1) you have equal share in self acquired properties and inherited properties of your father

2) file suit for partition for division of proeprties by metes and bounds

3) seek injunction restraining sale of properties by your brothers

Ajay Sethi
Advocate, Mumbai
87975 Answers
6207 Consultations

5.0 on 5.0

You have all the rights to file a petition for the partition of the property as this is ancestral property and you can ask your share in the property it is a material with you have been married without attending the age of marriage in 1996.

Vimlesh Prasad Mishra
Advocate, Lucknow
6848 Answers
23 Consultations

4.9 on 5.0

Hi

1) It appears that your grand father had both self acquired properties and ancestral properties which were inherited by your father and grand mother in the year 1983.

2) It also appears that your grand mother also had properties in her name and that she died in the year 2013.

3) Now, the legal position is that , you have the right to claim such of those properties that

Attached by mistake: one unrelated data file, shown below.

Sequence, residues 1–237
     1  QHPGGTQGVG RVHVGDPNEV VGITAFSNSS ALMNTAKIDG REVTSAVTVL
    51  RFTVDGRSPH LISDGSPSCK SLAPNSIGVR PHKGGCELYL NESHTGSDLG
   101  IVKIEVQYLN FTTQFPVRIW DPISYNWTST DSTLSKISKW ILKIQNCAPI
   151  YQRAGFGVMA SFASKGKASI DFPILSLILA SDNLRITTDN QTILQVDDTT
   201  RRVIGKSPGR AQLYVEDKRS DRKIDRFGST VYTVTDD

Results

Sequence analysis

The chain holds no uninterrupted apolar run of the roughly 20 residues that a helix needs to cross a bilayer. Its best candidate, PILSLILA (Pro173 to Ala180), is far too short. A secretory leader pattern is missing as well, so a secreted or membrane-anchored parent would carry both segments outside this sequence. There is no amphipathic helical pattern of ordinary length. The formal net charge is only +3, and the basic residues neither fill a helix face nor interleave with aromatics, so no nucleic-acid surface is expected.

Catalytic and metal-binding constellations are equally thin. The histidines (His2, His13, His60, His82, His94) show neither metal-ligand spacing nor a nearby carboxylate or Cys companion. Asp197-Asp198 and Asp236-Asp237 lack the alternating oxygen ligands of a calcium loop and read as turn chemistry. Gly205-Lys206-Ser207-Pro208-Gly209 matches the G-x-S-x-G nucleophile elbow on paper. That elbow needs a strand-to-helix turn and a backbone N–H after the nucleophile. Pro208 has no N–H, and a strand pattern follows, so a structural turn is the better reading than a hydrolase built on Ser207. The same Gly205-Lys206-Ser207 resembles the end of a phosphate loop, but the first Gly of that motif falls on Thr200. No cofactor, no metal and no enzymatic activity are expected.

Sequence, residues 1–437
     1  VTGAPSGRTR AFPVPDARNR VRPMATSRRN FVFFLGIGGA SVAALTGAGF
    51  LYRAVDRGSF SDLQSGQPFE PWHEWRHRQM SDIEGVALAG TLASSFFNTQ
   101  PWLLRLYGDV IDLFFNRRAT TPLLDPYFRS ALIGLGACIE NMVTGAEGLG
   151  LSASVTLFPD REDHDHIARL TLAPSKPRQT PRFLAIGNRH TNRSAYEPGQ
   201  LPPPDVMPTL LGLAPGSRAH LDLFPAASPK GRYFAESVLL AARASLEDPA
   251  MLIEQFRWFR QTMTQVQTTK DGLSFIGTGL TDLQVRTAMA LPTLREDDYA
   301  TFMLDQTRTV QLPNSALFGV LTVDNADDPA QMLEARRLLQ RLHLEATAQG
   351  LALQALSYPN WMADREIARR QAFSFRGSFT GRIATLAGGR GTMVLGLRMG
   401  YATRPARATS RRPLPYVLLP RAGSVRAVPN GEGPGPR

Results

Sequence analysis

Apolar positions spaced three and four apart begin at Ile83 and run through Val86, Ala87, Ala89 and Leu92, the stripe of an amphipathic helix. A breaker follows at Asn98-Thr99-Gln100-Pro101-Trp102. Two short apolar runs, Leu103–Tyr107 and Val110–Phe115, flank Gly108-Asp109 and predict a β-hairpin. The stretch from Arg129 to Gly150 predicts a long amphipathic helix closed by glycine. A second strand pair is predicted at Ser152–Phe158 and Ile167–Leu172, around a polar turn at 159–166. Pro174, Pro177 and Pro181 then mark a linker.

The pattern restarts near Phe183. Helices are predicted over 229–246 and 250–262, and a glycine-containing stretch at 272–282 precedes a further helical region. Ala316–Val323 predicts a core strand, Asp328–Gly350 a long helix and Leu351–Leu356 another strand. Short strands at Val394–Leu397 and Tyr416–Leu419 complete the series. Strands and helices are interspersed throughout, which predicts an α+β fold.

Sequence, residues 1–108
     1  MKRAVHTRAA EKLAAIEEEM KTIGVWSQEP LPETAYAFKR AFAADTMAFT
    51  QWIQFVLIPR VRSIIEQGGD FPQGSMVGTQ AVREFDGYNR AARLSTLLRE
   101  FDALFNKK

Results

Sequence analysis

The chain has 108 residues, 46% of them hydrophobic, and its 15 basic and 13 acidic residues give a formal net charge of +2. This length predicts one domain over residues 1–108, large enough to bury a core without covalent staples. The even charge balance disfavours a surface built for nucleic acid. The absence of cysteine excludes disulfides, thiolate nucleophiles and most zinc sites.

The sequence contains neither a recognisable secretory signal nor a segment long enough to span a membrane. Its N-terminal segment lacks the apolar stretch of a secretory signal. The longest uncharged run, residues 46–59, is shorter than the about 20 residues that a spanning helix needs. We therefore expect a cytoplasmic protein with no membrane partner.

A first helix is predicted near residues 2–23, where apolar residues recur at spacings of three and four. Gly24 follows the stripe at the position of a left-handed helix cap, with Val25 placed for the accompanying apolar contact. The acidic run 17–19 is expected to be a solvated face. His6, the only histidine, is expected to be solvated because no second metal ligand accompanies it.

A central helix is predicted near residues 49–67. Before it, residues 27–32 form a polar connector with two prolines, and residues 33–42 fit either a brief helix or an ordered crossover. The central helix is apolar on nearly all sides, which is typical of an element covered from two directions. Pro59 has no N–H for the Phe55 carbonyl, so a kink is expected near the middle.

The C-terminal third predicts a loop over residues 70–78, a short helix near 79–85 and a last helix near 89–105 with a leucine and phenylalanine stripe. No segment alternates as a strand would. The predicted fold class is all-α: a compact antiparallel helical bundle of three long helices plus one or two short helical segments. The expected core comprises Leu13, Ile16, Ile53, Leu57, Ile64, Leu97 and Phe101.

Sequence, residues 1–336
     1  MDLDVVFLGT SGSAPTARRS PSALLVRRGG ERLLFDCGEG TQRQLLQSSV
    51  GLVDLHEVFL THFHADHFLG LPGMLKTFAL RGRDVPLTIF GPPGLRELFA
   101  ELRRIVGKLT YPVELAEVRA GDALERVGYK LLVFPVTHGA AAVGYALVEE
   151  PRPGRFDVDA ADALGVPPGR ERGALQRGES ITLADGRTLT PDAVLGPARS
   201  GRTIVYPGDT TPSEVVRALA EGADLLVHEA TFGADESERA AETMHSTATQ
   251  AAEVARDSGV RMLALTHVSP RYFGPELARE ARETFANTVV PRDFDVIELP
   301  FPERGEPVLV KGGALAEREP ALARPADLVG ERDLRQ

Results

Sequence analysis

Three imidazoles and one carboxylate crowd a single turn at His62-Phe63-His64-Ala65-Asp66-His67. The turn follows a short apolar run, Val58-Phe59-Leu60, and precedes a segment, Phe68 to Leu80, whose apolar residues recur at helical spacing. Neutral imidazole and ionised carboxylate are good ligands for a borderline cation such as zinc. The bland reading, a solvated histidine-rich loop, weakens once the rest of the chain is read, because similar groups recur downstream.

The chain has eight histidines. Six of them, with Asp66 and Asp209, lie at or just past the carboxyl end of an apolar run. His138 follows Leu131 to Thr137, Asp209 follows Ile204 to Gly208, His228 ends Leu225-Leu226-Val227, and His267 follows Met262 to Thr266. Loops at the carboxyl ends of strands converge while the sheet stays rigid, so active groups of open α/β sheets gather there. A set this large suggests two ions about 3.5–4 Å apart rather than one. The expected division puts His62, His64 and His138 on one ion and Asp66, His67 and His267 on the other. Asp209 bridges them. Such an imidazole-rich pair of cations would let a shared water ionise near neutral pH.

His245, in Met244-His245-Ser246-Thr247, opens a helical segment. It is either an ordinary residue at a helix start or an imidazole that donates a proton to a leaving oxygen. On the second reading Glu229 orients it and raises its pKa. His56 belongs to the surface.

a) Were in the name of the grand mother (by virtue of Section 15 of Hindu succession act) and

b) Such of the share of properties that your grand mother got by virtue of she being a legal heir to her husband (i.e your grand father) and

c) Such of those properties that your father got as his share from his father (in his capacity as legal heir under class I of Hindu succession act. Please note that the properties obtained by your father from his father do not come under the ambit of Ancestral property definition and hence these are NOT ancestral properties.

4) Under hindu succession act, any property in the name or possession of a woman is her absolute property and as such your father and after life time of your father, you, your mother and your brothers( first wife son and your brother) are entitled to equal share . So technically you are entitled to claim 25% share in all of the properties of your grand mother.